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Trailing Arbutus

MOUNTAIN STATE FLORA: Trailing Arbutus Springs to Life

By Emily Grafton

Height is truly not a measure of importance when you consider the historical popularity and the number of sonnets written about this tiny member of the heath family. Never reaching more than a few inches in height, the stems and leaves of trailing arbutus cling tenaciously to the earth as they grow slowly in a vine-like fashion.

Trailing arbutus prefers acidic, sandy soils and occurs within both hardwood and coniferous forests. It grows best in partial shade along rock ledges or on steep banks. Also known as little laurel, its ovate-leathery, evergreen leaves resemble those of its bigger cousins in the rhododendron family. Rust-colored hairs cover the wiry stems and undersides of the leaves in varying amounts. Like all members of the heath family, arbutus is adapted to survive in low moisture and nutrient-poor environments.

The main allure of this coarse-looking plant is the clusters of bell-shaped flowers with fluted edges. The pinkish flowers produce one of the sweetest, most captivating fragrances in nature. The ½- to ¾-inch-long flowers arise from leaf axils and the ends of individual shoots. Blossoms appear from March to May, and can be seen peeking through a few inches of snow in March.

Trailing arbutus was heavily collected from the wild by street vendors in 19th century New England . The “hawkers” would fill their carts with the evergreen plants winter through spring and walk the streets of Boston yelling “Mayflowers for sale.” This name came from the legend told by poets like Whittier and folklorists that blossoms of trailing arbutus greeted the colonists who landed at Plymouth Rock.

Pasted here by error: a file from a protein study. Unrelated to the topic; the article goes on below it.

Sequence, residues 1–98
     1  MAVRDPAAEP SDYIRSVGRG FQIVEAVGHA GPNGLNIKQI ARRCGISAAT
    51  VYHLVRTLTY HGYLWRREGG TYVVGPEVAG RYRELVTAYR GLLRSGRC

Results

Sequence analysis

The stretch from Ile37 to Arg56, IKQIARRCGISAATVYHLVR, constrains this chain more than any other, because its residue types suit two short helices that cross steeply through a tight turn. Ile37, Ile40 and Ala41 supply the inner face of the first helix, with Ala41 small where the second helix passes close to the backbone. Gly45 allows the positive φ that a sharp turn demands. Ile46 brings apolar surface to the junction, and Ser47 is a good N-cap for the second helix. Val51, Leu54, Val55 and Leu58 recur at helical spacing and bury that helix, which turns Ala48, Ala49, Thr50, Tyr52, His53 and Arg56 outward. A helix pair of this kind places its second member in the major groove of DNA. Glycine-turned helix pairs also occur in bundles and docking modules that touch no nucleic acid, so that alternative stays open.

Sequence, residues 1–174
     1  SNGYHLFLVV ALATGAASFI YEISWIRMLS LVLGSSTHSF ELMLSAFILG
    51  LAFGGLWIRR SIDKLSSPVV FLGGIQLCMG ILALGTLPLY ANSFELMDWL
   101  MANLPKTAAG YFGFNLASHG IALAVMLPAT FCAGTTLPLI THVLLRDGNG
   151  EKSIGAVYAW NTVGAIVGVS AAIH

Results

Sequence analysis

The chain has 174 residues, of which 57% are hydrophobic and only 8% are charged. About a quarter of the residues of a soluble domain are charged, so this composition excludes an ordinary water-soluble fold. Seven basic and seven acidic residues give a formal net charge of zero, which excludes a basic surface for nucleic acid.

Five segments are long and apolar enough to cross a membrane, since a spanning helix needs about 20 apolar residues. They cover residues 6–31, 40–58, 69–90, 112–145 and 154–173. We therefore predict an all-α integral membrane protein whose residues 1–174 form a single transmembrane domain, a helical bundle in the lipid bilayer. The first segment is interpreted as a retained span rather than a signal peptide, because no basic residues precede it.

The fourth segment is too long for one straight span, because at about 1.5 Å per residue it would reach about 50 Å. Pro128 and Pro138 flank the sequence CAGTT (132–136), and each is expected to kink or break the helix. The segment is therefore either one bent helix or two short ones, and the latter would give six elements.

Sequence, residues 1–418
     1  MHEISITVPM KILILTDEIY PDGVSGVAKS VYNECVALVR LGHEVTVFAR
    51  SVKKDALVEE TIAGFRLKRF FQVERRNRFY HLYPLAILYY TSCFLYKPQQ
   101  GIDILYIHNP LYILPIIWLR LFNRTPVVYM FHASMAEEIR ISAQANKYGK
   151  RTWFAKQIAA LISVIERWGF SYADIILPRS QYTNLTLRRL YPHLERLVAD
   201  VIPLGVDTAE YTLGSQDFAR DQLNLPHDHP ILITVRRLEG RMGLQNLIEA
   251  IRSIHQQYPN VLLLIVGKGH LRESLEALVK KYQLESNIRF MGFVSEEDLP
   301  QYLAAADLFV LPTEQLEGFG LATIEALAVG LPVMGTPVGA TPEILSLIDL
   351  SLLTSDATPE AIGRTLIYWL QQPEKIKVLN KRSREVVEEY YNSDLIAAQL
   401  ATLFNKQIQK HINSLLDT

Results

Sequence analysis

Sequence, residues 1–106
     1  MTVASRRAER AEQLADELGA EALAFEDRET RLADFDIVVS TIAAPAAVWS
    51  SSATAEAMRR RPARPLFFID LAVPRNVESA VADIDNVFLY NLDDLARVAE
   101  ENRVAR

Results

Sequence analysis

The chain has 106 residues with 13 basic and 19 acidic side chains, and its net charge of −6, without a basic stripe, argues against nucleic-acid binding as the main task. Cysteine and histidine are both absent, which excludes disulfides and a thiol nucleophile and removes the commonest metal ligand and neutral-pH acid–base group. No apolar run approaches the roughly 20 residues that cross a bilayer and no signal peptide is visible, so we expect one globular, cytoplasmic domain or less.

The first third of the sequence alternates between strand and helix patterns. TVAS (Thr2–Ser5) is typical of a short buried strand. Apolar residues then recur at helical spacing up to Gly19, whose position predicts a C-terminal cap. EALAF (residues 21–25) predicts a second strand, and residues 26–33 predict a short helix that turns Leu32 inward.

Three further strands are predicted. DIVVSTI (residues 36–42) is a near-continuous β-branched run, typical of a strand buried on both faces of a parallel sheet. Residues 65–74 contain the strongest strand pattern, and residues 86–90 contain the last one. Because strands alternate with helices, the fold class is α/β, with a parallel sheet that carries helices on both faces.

The relentless harvesting of trailing arbutus from the landscape inspired a group of Boston women to form one of the nation's strongest conservation organizations in the late 19th century. They worked to make trailing arbutus the state plant of Massachusetts and collecting it a criminal offense. This group later became the renowned New England Wildflower Society.

While the concerned women of Boston were organizing their conservation efforts, the Shakers had been propagating the plant for medicinal uses. Native Americans used it to treat several ailments, especially problems of the kidneys. The Shakers, who produced the safest and most effective herbal remedies of the 19th century, used it in a formulation to treat kidney stones. Thus, this loveliest of flowers came also to be known as gravel plant.

Please do not attempt to transplant trailing arbutus from the wild. It is difficult to propagate. Individual strands or shoots grow out from a central crown that may be hard to locate.

If you would like to incorporate trailing arbutus into your wild garden, purchase young plants from nursery propagated stock. Native plant nurseries in West Virginia, Maryland and Virginia sell this species. Call the DNR at 304-637-0245 for a list of native plant suppliers. A list of suppliers is also on the DNR website – – click on Wildlife Diversity and then Landscaping for Wildlife.

--Emily Grafton is a seasonal wildlife biologist stationed in Elkins.